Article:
But this second round matchup could also prove instrumental in whether Durant stays in Oklahoma City or bolts – maybe to San Antonio.

Marc Stein of ESPN:

As well as Durant and his close-knit tandem of representatives, Rich Kleiman and Charlie Bell, have done in terms of keeping their intentions mysterious, there is a working assumption among KD’s would-be suitors that a second-round Thunder exit essentially cinches the notion that he’ll indeed walk away and look for the best external situation that positions him to win that elusive first championship.

The theory (stress: theory) also holds that OKC success in this round against the 67-win Spurs would be enough, no matter what happens in a presumed Western Conference finals showdown with the Warriors, to convince Durant, at the very least, to sign a new two-year deal with Oklahoma City ‎that contains a player option for Year 2.

Durant has already denied a report he’ll leave the Thunder if they don’t reach the NBA Finals. It’s never that cut and dry for a free agent.

But the Thunder’s success is works in their favor, and seeing that come undone right in front of his eyes could push Durant out of Oklahoma City. Likewise, seeing the Thunder win could convince Durant of his current team’s potential.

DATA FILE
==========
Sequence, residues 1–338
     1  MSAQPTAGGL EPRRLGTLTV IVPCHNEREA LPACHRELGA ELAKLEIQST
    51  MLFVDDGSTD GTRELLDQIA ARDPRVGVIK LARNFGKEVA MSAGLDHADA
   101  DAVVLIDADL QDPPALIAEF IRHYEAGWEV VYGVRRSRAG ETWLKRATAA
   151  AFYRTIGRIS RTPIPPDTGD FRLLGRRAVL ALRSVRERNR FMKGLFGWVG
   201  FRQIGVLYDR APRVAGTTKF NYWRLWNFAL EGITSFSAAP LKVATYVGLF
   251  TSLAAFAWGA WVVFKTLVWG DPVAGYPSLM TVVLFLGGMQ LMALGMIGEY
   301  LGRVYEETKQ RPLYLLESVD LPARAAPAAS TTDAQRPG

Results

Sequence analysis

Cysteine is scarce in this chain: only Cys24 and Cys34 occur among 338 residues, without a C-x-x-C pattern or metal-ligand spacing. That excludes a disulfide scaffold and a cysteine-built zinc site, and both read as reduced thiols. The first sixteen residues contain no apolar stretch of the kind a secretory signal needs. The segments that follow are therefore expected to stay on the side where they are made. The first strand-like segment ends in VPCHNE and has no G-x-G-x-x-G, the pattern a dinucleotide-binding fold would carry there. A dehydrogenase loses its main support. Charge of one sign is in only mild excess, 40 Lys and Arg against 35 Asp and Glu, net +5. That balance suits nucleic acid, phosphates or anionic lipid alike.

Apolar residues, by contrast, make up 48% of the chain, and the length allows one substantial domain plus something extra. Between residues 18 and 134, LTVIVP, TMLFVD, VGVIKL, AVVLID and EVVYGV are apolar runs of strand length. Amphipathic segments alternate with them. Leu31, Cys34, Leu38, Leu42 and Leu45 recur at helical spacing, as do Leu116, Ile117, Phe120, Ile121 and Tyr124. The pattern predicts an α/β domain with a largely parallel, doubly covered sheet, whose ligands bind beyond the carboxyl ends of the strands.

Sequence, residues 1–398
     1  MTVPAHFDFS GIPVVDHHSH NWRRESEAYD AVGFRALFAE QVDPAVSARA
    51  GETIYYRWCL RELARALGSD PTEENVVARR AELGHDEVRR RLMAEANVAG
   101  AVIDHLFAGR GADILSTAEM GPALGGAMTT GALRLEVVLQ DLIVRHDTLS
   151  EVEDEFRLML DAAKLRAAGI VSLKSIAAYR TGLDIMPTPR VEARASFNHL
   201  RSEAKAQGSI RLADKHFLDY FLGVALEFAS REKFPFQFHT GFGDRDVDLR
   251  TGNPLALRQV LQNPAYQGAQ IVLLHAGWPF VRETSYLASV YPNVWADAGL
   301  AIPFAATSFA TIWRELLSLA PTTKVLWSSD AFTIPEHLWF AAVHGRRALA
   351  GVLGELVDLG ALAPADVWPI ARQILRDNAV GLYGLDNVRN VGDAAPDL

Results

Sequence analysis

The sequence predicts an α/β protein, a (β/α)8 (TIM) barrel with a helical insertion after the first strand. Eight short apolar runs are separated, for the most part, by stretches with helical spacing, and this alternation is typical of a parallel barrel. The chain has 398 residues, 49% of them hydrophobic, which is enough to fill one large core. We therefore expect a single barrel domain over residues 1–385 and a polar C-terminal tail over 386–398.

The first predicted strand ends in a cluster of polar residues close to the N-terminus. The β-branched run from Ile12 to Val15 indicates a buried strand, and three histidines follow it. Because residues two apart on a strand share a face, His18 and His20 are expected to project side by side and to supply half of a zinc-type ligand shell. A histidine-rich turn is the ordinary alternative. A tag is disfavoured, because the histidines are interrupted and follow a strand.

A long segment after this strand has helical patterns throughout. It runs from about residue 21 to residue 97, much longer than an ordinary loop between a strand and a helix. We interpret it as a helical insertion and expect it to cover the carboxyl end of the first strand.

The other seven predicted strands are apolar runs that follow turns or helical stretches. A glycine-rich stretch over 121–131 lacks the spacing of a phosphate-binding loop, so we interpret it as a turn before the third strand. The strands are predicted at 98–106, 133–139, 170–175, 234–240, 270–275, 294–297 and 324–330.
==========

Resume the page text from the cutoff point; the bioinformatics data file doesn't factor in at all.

I don’t know whether Durant will re-sign if the Thunder advance and leave if they don’t. But if I’m Oklahoma City or San Antonio, I’d sure want to win to tip the odds toward my favor.

Four Things to Watch in Playoffs Friday: Can LaMarcus Aldridge get some scoring help

San Antonio Spurs forward LaMarcus Aldridge (12) runs up court during the first half in Game 2 of a second-round NBA basketball playoff series against the Oklahoma City Thunder on Monday, May 2, 2016, in San Antonio. (AP Photo/Eric Gay)
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Kentucky Derby pick? I’ll take Outwork, I think the lack of early speed in this race will favor the frontrunners, who will hold off the Nyquist led charge. Oh, and here is some basketball stuff for Friday night.

1) LaMarcus Aldridge will get his, what about the rest of the Spurs? Oklahoma City’s defensive strategy in Game 2 started with more aggressive, more disruptive pick-and-roll coverage (the Thunder effort was much better than Game 1).  The Spurs responded by getting the ball to LaMarcus Aldridge, both in the post and on the pop, and it worked to the tune of 41 points for the All-Star forward.

Oklahoma City can live with that. In leaning so heavily on Aldridge in an isolation set the Spurs ball movement went away, the spacing got off, and the Spurs weren’t getting the same open looks by making the extra pass. San Antonio played isolation basketball too often, not just with Aldridge. The Thunder would be happy with a repeat of that offensive outing, but Gregg Popovich was clearly, understandably less thrilled with the outcome. Expect a more balanced Spurs offense — if Aldridge is north of 35 points again Friday it’s not necessarily a good sign for them.